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Pusiga Election Petition: EC fighting Bolga High Court decision at Court of Appeal; next court sitting on June 24 – Lawyer Namoo

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The Electoral Commission (EC) of Ghana is at the Court of Appeal, contesting a decision by the Bolgatanga High Court. It would be recalled that the EC was directed by a Bolgatanga High Court to mount the witness box in the ongoing contentious Pusiga seat in the Upper East Region.

The New Patriotic Party (NPP) headed to court after the 2020 general election citing some irregularities at some polling stations in the Pusiga Constituency that led to Hajia Lardi Ayamba of the National Democratic Congress (NDC), winning the seat.

The winning difference between both parties was 63 votes with over 1600 rejected ballots.

The Petitioner who is the Parliamentary Candidate of the NPP in the 2020 general election, Abdul Karim Zanni Dubiure sought a declaratory judgment that the EC erred when it declared Laadi Ayi Ayamba elected Member of Parliament for Pusiga Constituency and an order annulling the results of five polling stations.

Speaking on A1 Radio’s Day Break Upper East Show, a lawyer for the petitioner, Anthony Namoo explained that the petitioner currently awaits the decision of the Court of Appeal. This would determine whether the EC would be asked to follow the directive of the Bolgatanga High Court or whether that decision would be quashed.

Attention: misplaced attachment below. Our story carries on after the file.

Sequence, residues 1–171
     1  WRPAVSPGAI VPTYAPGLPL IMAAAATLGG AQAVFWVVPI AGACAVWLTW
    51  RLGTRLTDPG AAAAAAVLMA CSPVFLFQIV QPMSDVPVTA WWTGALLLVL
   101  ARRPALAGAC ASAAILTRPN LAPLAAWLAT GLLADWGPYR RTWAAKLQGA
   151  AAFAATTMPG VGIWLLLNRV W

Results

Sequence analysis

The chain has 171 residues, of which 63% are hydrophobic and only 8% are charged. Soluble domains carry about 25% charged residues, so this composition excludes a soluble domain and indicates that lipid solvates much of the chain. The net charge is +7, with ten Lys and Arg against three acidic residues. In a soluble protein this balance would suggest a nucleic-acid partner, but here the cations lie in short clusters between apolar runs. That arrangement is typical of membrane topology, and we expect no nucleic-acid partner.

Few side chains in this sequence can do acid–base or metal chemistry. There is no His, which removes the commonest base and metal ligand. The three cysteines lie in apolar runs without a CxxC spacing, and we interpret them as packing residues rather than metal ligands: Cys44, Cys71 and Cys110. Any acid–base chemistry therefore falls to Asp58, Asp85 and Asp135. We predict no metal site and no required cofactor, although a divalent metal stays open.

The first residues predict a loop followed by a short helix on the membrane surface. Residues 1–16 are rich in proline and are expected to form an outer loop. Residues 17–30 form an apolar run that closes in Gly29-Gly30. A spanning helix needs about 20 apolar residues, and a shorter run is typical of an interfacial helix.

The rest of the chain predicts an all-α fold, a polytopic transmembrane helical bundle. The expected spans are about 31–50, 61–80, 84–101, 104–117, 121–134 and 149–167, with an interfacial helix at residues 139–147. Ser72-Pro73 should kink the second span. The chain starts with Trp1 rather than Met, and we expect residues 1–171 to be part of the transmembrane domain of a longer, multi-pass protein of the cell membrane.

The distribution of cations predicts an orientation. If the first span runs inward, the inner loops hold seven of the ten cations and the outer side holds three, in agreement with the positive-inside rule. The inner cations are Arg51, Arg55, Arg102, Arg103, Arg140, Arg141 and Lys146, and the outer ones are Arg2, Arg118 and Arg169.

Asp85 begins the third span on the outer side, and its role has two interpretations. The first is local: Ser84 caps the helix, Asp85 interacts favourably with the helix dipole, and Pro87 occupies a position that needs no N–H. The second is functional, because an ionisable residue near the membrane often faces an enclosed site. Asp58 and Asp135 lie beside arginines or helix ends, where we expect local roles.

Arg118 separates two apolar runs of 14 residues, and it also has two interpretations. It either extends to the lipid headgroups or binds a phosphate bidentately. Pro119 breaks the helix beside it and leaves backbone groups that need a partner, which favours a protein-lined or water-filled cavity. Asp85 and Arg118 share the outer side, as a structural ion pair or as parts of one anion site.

“After the petitioner had closed his case, the NDC made a submission that they would not want to open their defence because they thought that the judge could go ahead and give his decision and the Electoral Commission also followed suit. The judge gave the ruling to the effect that, there were certain infractions that were identified; so even if the NDC has elected not to give any evidence, the Electoral Commission should”.

“They [the EC] have appealed to the Court of Appeal in Tamale. As we speak now, they have filed their written submission. The next court sitting in Tamale would hopefully be 24th June. By that time, the Court of Appeal would have decided whether they are entitled to open or not. If they [the Court of Appeal] say that they [the EC] can decide not to open their defence, then we would have to come back to the high court for addresses to be filed and the judge would give his decision,” he explained.

Source: A1radioonline.com|101.1MHz|Mark Kwasi Ahumah Smith|Ghana

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